On December 22, 2018, the federal funding for certain agencies lapsed, and the United States government entered into a partial shutdown. The U.S. Department of Justice (DOJ), including the United States Trustee Program (USTP), was one of the agencies that shut down. United States Trustees (“UST”) representing the USTP appear and litigate in a multitude of bankruptcy proceedings. USTs also actively participate in out-of-court settlement discussions, plan negotiations, and the like. Pursuant to the partial shutdown, regular operations at the USTP ended, with only “excepted employees” continuing work on limited matters.
USTP excepted employees comprise a total of 35 percent of its employees. Excepted employees work without pay during the shutdown but will receive back pay after the government reopens. Remaining USTP employees who are not excepted are furloughed and will only receive compensation if Congress passes a bill allowing for it.
The contingency plan sets forth changes in the duties of DOJ employees. The contingency plan directs that civil litigation be halted except where the safety of human life or protection of property are at stake. Much of the civil litigation in which the USTP is a party does not involve such issues. The contingency plan further notes that DOJ attorneys should request stays in civil cases and reduce civil litigation staffing only to that necessary to protect human life and property. Several UST and DOJ attorneys involved in bankruptcy litigation have filed motions seeking stays of proceedings and extension of deadlines until the government reopens.
As the USTP continues to operate with its skeletal staff, certain bankruptcy processes will likely encounter delays. Although federal courts have rearranged funds to remain operational through January 18, should the shutdown extend beyond that date, bankruptcy matters such as plan confirmations and other court hearings will encounter similar delays.
Proceedings involving Chapter 7 and 13 trustees, including out-of-court discussions or negotiations, are unlikely to be delayed as these parties receive payments outside of government assistance.
Last week The House voted to give final congressional approval to a major rewrite of banking rules that would revoke key elements of Dodd-Frank Act but still leaving most of it tact.
The President is expected to sign into law the “Economic Growth, Regulatory Relief and Consumer Protection Act,” which won House approval 258-159 as 33 Democrats and 225 Republicans voted for the bill. Officials say that it recalibrates regulation and risk in the financial services sector while promoting economic growth and new jobs.
The Senate Banking Committee Chairman said that the bill “right-sizes” regulations for smaller financial institutions, allowing community banks, credit unions and mortgage lenders to grow.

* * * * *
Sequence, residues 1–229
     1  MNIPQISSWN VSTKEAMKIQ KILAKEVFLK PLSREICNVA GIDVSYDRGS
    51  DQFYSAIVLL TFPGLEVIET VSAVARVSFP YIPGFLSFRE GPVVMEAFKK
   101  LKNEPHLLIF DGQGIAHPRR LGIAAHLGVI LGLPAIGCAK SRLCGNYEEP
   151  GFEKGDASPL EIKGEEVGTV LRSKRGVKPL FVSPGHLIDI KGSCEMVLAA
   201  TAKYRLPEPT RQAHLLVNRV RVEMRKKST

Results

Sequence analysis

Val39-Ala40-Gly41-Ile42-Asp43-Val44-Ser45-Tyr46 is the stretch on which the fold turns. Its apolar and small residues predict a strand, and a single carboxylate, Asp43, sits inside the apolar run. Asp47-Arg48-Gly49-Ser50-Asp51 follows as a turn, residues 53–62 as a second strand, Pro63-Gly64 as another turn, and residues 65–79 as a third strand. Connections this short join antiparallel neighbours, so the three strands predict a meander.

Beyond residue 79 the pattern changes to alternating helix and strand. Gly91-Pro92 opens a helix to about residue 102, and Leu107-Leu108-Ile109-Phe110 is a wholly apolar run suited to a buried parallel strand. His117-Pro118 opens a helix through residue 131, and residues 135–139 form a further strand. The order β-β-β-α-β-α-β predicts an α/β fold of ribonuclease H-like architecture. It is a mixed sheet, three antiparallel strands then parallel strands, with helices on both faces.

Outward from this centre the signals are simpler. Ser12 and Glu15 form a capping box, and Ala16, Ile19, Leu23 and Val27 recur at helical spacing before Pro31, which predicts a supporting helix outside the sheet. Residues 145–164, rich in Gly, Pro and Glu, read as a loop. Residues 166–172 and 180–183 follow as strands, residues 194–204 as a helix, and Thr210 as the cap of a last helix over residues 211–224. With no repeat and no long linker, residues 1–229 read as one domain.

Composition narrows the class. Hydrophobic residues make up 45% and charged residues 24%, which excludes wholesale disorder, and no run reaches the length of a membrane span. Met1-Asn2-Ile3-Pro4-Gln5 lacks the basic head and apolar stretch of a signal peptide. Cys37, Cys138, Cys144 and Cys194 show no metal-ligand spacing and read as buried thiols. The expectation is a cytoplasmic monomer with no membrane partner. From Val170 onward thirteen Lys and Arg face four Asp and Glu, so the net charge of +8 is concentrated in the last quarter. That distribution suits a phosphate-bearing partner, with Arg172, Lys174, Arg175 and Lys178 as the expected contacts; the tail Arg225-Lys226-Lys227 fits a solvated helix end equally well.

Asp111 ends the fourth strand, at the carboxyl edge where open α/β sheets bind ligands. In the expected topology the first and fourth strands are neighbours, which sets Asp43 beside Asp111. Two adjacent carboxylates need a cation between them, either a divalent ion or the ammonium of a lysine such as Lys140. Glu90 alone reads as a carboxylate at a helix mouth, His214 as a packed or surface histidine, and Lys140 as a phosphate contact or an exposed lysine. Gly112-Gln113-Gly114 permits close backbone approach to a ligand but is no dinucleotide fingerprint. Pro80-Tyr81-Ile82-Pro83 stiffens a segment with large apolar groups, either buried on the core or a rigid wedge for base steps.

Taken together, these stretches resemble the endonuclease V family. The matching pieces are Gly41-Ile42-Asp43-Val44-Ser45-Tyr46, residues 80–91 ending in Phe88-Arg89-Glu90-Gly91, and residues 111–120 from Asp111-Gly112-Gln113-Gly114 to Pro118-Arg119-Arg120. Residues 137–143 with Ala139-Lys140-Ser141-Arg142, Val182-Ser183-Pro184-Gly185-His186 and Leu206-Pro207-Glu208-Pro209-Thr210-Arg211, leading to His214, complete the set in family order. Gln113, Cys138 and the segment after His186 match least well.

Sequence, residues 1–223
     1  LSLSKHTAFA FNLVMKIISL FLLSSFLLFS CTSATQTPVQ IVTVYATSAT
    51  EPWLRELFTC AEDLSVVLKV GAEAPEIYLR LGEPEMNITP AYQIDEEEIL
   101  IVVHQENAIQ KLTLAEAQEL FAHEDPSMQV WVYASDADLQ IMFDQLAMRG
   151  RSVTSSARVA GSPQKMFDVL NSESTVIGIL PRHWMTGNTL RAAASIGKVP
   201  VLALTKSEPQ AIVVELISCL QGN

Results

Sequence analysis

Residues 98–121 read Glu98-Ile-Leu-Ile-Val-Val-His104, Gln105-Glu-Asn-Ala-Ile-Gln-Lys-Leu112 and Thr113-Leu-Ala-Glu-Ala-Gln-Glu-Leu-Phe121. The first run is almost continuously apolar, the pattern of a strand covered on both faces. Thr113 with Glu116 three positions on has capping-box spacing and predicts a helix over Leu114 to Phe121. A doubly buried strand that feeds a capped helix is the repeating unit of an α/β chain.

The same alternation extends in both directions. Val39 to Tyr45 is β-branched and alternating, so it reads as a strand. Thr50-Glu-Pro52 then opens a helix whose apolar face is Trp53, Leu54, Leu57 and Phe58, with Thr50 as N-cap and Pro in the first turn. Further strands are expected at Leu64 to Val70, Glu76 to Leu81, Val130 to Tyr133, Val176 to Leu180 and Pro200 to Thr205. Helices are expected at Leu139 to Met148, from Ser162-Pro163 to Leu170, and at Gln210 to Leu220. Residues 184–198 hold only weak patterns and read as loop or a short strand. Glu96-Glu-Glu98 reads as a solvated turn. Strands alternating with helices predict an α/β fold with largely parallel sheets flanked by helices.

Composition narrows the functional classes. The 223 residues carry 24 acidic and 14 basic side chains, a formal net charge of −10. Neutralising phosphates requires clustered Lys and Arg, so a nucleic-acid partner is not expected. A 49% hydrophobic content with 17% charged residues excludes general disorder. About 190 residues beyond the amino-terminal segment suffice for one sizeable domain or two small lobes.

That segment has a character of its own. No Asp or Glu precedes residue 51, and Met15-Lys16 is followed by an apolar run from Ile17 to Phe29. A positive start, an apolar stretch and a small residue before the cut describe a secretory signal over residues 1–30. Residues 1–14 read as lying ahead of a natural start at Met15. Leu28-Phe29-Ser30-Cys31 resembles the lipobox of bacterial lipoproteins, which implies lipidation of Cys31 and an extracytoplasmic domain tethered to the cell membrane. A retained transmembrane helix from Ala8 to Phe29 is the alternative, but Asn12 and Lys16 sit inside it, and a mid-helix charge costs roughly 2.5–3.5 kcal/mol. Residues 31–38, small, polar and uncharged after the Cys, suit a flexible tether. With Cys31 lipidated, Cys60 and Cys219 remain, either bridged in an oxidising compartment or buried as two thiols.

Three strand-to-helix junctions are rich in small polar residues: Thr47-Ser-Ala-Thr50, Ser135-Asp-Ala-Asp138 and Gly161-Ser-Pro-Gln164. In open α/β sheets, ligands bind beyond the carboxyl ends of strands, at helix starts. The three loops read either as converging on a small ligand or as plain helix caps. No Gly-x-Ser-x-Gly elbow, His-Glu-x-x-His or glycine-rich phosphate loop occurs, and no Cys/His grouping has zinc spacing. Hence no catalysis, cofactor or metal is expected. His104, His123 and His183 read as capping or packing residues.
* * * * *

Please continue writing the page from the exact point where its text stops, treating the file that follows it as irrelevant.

Key provisions of the legislation include:
- Increasing banks’ asset threshold from $50 billion to $250 billion for extra regulatory scrutiny by the Federal Reserve.
- Streamlining capital requirements and other exemptions from mortgage-lending rules for community banks.
- Amending the Volcker rule for banks with less than $10 billion in assets in an effort to bolster market liquidity and decrease risk to the financial system in economic downturn.
- Repealing the Department of Labor’s fiduciary rule, which aimed to minimize supposedly conflicted investment advice given to retirement savers.
Although Republicans claim the bill is a deregulatory effort, GOP lawmakers weren’t able repeal Dodd-Frank in its entirety. Key provisions remain, including the Consumer Financial Protection Bureau and Washington’s authority to unwind failing large banks.
American consumers have the highest amount of revolving credit debt in U.S. history. As of June, Americans had $1.021 trillion in outstanding revolving credit, according to data from the Federal Reserve. Of the $1.021 trillion in outstanding revolving credit, $1 trillion is credit card debt. Prior to June, the record for outstanding revolving credit was $1.020 trillion, set in April of 2008.
Data is king and choosing the right marketing lists is essential to the success of your marketing strategy and results. Our Bankruptcy file provides robust and comprehensive data including the most current data available combined with rich history as our records date back to 2002.
Unlike many competitors, we compile our database, which is over 20 million records today and contains a wide array of information such as filing dates, dismissals, discharges, Chapter 7 and Chapter 13. All of our data is standardized, CASS Certified, DPV coded and an NCOA (National Change of Address) is run as data is gathered prior to submission to our master database. We gather the data directly from local courthouses nationwide and guarantee that you are receiving the most up to date and accurate data available.
Our count system is lightning fast, easy to use and available 24 hours a day. We have an assortment of count selects available such as geography, status or previous order suppression. Our output menu includes case number, chapter, discharge or dismissal, filing date or status.